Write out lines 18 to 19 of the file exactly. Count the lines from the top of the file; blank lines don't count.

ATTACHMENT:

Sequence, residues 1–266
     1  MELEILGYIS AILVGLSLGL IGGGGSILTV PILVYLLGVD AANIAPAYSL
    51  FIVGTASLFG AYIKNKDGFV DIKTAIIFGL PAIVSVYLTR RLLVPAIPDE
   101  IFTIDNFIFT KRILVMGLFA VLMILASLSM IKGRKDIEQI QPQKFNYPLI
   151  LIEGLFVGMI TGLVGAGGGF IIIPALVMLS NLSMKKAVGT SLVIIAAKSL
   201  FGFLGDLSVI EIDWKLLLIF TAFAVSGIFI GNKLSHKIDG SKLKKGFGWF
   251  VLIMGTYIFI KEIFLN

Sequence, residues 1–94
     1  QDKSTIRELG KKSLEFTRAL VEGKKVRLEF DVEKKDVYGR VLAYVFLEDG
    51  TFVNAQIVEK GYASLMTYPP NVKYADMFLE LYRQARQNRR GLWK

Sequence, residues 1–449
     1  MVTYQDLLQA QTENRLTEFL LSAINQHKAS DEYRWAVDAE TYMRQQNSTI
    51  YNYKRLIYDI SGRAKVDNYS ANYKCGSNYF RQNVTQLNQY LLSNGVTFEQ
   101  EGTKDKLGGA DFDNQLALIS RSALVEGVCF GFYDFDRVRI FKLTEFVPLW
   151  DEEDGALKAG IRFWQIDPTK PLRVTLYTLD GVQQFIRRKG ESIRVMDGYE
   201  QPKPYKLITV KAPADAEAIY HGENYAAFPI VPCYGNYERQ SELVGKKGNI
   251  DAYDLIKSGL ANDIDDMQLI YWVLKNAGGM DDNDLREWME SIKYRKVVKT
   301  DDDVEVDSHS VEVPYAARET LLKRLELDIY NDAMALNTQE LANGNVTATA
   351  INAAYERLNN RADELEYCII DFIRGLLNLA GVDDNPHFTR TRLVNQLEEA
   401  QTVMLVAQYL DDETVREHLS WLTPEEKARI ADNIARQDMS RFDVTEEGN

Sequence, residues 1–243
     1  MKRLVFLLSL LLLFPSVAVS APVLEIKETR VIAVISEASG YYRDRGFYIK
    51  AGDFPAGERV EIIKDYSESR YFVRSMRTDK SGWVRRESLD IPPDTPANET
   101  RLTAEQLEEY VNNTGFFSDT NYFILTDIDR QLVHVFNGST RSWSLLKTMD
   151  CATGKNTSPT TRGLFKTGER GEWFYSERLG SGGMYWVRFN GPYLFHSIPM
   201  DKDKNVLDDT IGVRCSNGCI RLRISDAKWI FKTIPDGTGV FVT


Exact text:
   301  DDDVEVDSHS VEVPYAARET LLKRLELDIY NDAMALNTQE LANGNVTATA
   351  INAAYERLNN RADELEYCII DFIRGLLNLA GVDDNPHFTR TRLVNQLEEA